The quadratic programming (QP) problem involves minimizing a quadratic function subject to linear constraints. A general formulation is
$\begin{array}{lcll} \mbox{minimize} & \frac{1}{2} x^T Q x + c^T x & & \\ \mbox{subject to} & a_i^T x = b_i & \forall i \in \mathcal{E} \\ & a_i^T x \geq b_i & \forall i \in \mathcal{I} \end{array}$ where $$Q \in R^{n\times n}$$ is symmetric, and the index sets $$\mathcal{E}$$ and $$\mathcal{I} \,$$ specify the equality and inequality constraints, respectively. Quadratic programs are an important class of problems on their own and as subproblems in methods for general constrained optimization problems, such as sequential quadratic programming (SQP) and augmented Lagrangian methods.

The difficulty of solving the QP problem depends largely on the nature of the matrix $$Q$$. For convex QPs, the matrix $$Q$$ is positive semidefinite on the feasible set; there are polynomial-time algorithms to solve these relatively easy problems. For non-convex QPs in which the matrix $$Q$$ has negative eigenvalues, the objective function may have more than one local minimizer; in this case, the problem is NP-complete. An extreme example is the problem
$\begin{array}{lllll} \mbox{minimize} & – x^T x & & & \\ \mbox{subject to} & -1 \leq & x_i & \leq 1, & \forall i=1,\ldots,n \end{array}$ which has a minimizer at any $$x$$ with $$|x_i| \,=1$$ for $$i = 1,…, n \,$$. In this extreme case, there are $$\, 2^n_{} \,$$ local minimizers.

##### Optimality conditions

The necessary optimality conditions for vector $$x^*_{}$$ to be a local minimizer are
(1) that it should be primal feasible:

$$a_i^T x^* = b_i$$ for $$i \in \mathcal{E}$$ and $$a_i^T x^* \geq b_i$$ for $$i \in \mathcal{I}$$,

(2) that it should be dual feasible:
$$Q x^* + c = \sum_{i \in \mathcal{E} \cup \mathcal{I}} a_i y_i^* \,$$ and $$y_i^* \geq 0$$ for $$i \in I$$,
for some vector of Lagrange multipliers $$y^*_{} \,$$, and

(3) that the complementary slackness condition holds:
$$( a_i^T x^* – b_i ) y_i^* = 0$$ for all $$i \in \mathcal{I}$$.

These requirements are commonly known as the Karush-Kuhn-Tucker (KKT) conditions.

A KKT point is a local minimizer if and only if $$s^T H s \geq 0$$ for all vectors $$s \in \mathcal{S}$$, where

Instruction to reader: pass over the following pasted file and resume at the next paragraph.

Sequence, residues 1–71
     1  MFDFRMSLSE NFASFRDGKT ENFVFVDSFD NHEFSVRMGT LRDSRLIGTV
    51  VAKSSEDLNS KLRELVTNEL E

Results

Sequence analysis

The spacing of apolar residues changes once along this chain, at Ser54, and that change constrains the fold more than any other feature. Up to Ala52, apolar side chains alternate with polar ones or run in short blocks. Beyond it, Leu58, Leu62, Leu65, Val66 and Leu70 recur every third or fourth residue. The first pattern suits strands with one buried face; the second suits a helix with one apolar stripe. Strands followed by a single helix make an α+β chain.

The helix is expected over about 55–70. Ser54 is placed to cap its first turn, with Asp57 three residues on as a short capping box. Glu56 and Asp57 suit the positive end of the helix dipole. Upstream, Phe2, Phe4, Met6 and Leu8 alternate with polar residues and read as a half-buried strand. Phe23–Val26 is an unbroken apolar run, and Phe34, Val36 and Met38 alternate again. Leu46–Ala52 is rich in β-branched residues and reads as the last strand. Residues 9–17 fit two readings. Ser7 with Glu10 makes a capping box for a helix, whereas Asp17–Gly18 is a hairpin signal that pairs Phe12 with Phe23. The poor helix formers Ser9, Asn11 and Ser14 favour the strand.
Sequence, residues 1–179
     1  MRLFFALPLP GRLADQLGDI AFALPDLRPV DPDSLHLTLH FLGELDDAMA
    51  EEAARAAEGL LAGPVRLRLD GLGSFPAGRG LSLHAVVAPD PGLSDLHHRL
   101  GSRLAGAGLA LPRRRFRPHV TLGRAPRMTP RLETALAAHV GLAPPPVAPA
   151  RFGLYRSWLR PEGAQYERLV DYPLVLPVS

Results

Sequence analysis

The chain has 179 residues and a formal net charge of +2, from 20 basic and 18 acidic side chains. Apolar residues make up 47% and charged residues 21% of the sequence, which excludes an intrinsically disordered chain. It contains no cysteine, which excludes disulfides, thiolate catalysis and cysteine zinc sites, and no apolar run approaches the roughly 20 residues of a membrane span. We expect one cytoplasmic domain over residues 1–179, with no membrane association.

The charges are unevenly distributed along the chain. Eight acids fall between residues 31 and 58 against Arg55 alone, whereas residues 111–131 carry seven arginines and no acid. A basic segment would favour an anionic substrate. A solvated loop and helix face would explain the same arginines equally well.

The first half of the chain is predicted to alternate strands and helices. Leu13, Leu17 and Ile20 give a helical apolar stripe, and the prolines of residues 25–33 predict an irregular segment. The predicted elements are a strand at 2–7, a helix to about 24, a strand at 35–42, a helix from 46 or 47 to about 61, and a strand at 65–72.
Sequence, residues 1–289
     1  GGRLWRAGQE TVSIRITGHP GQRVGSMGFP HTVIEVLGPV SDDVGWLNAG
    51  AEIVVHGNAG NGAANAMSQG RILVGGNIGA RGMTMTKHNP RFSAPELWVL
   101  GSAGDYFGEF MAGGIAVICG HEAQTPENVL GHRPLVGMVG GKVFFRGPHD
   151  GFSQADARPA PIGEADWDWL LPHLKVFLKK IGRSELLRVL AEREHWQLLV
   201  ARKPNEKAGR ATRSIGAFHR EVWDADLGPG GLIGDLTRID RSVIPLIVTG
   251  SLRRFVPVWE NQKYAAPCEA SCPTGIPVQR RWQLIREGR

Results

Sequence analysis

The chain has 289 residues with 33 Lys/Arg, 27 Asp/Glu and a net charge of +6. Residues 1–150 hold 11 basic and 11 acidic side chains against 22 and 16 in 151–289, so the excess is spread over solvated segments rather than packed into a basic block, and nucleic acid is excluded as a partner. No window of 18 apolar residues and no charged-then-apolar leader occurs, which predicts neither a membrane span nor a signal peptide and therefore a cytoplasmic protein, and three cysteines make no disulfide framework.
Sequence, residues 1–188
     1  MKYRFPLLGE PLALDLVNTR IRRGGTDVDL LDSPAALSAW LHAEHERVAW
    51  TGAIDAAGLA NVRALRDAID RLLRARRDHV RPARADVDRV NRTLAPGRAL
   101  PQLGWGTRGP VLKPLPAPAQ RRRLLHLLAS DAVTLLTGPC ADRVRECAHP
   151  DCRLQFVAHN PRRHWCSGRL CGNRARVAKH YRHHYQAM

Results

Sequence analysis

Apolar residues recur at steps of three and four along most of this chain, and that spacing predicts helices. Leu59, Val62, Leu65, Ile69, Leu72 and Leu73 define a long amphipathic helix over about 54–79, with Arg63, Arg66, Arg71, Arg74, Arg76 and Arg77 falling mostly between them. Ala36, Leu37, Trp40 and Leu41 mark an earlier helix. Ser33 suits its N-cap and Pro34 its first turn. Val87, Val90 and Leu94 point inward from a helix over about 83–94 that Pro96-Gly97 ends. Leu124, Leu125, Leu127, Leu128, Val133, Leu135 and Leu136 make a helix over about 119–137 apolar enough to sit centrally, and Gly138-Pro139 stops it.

$\mathcal{S} = \left\{\begin{array}{ll} s : & a_i^T s = 0 \, \mbox{for } \, i \in \mathcal{E} \, \mbox{and } \, i \in \mathcal{I} \, \mbox{such that } \, a_i^T x^* = b_i \, \mbox{and } \, y^*_i > 0 \, \mbox{and } \\ & a_i^T s \geq 0 \, \mbox{for } \, i \in \mathcal{I} \, \mbox{such that } \, a_i^T x^* = b_i \, \mbox{and } \, y^*_i = 0 \end{array} \right\}$

This second-order condition is trivially satisfied for convex problems but may be hard (NP-complete) to check for non-convex ones if there are many $$i \in \mathcal{I}$$ for which $$a_i^T x^* = b_i$$ and $$y^*_i = 0$$.

##### Algorithms

Linear programming is a special case of quadratic programming when the matrix $$Q = 0$$. Linear least squares problems are QPs; Levenberg-Marquardt and Gauss-Newton are specialized methods for solving them. If there are no constraints in the QP, then the problem is similar to solving a system of equations, for which there are many techniques (e.g. Conjugate Gradient Method or direct factorizations such as LU or Cholesky Decompositions).

Quadratic programming (QP) problems can be viewed as special types of more general problems, so they can be solved by software packages for these more general problems. Quadratically constrained quadratic programming (QCQP) problems generalize QPs in that the constraints are quadratic instead of linear. Second order cone programming (SOCP) problems generalize QCQPs, and nonlinear programming (NLP) problems generalize SOCPs.

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